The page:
The International Center for Academic Integrity envisions academic integrity as "cultivating cultures integrity." There are a number of strategies that faculty can engage to support the development of cultures of integrity.
In addition to including the academic integrity pledge on the syllabus, integrate ongoing discussion of academic integrity. This might include:
1) Sharing why academic integrity is important to you and your work as an academic.
2) Broadening student understanding of academic integrity by contextualizing ethical practices. Familiarizing students with the concept of academic integrity is an opportunity to connect to the ethical principles and guidelines they will encounter in their professional lives. A sample of professional codes of conduct is available here.
3) Talking about academic integrity more than once and asking students to re-commit to academic integrity throughout the quarter. For example, asking students to reflect on and commit to academic integrity before an exam is highlighted by the Notre Dame center.
Revising assignment and assessment design can be effective ways to support cultures of integrity. A number of resources at SCU are available to support this.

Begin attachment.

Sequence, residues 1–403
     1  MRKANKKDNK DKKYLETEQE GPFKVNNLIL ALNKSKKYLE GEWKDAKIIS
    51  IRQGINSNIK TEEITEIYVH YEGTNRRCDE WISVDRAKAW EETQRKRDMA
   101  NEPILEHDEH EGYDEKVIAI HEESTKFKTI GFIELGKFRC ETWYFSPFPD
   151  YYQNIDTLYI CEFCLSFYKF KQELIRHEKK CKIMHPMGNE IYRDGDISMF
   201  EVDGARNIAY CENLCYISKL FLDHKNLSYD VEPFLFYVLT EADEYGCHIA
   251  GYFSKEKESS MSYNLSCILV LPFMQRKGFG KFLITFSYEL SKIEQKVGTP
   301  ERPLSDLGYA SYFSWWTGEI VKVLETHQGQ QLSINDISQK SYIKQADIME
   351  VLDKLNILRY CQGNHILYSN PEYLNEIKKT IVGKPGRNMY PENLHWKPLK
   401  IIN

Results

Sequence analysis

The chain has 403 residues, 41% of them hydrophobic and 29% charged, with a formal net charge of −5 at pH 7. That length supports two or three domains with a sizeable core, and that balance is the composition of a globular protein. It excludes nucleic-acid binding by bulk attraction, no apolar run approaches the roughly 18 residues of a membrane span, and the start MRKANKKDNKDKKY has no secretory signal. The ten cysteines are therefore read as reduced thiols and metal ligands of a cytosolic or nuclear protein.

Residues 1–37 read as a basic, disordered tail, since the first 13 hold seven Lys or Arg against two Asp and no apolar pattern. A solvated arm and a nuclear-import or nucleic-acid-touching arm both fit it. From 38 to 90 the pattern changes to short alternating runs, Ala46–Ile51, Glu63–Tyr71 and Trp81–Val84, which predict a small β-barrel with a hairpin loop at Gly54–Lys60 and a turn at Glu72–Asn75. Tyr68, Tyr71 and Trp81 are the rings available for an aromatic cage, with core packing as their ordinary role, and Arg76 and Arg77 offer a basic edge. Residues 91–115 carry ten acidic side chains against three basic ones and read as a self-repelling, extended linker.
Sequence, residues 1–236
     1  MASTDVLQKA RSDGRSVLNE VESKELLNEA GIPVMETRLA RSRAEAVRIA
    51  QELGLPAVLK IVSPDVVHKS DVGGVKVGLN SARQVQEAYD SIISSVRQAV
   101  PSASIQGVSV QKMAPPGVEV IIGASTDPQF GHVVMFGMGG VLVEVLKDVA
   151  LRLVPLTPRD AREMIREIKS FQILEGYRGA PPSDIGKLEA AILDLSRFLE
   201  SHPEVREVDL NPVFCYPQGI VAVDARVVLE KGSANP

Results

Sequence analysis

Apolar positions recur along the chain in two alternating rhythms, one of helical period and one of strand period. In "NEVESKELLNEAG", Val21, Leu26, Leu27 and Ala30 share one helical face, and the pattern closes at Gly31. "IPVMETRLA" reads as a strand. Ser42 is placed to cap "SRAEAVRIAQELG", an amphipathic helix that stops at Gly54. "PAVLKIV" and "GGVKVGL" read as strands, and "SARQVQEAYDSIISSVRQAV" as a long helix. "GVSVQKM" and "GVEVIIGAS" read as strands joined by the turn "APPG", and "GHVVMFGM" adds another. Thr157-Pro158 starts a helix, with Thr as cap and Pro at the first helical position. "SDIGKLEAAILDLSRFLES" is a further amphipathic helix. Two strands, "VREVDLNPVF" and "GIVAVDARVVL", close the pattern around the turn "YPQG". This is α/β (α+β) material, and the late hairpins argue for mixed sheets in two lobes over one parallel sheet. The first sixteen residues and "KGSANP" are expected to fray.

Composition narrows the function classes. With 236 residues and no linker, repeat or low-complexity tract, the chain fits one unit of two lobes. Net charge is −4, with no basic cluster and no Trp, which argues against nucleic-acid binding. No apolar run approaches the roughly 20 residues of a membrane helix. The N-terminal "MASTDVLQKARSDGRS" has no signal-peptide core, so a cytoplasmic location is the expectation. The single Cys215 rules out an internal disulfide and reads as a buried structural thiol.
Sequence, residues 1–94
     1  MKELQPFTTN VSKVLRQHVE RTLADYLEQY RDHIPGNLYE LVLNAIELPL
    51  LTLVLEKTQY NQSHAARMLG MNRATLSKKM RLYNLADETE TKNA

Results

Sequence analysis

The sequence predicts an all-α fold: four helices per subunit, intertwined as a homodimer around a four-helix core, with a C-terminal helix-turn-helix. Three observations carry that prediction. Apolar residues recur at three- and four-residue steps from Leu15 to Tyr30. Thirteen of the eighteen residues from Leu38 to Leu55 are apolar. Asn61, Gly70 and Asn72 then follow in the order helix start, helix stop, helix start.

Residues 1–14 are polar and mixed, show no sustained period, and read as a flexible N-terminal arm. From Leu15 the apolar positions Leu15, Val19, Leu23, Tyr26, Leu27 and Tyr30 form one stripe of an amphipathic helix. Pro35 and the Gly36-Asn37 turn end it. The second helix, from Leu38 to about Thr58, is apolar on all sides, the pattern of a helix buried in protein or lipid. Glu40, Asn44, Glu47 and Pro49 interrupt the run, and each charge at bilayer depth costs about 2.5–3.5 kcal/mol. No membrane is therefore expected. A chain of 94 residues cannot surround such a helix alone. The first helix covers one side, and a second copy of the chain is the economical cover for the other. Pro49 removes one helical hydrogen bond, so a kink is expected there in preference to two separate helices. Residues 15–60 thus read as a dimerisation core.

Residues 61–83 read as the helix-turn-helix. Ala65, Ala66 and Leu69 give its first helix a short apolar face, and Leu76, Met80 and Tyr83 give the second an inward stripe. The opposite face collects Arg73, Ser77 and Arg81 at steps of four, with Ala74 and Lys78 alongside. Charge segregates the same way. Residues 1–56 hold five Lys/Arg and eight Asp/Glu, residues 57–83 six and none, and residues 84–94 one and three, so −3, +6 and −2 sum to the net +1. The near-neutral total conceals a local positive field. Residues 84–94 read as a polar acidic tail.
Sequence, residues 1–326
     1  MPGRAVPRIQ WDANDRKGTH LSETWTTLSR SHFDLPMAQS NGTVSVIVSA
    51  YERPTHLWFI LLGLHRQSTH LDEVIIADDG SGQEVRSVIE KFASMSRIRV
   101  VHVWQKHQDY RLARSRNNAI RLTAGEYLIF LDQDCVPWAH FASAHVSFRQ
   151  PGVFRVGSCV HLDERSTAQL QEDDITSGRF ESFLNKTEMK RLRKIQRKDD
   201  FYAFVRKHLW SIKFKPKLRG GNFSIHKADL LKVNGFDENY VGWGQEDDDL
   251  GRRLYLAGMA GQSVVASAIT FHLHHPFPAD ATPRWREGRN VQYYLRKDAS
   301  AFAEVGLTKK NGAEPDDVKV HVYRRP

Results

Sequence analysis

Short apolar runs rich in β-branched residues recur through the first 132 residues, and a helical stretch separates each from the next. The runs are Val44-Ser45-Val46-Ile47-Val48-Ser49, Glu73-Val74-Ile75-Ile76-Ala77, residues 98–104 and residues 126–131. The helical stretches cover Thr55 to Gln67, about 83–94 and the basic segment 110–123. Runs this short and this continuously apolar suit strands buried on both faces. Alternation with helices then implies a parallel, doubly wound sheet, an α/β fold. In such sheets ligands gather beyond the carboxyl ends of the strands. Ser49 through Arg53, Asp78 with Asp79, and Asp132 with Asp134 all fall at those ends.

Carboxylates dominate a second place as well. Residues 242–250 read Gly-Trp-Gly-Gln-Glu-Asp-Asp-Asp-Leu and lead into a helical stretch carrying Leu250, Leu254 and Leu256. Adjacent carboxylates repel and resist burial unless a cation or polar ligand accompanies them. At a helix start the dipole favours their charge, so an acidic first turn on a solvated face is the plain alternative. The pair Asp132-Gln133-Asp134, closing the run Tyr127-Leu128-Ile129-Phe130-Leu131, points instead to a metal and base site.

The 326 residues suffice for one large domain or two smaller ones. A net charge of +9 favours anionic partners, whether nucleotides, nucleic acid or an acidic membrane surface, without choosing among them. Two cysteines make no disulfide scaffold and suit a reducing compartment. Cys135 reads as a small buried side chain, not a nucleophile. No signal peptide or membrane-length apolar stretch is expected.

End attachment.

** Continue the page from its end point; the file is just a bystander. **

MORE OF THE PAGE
Connecting students to academic and wellness resources across campus can support students in managing stressors that may lead to academic dishonesty. Resources available to students are available here.
If your materials have been posted on one of these sites without your permission, you can request that the materials be removed. Most course sharing websites have online forms to request the removal of materials. Direct links to some of these forms are listed below:
Brock University provides useful templates for requesting materials be removed from both Canadian and US Websites on their Faculty-owned Materials page.
Resources specific to academic integrity at SCU.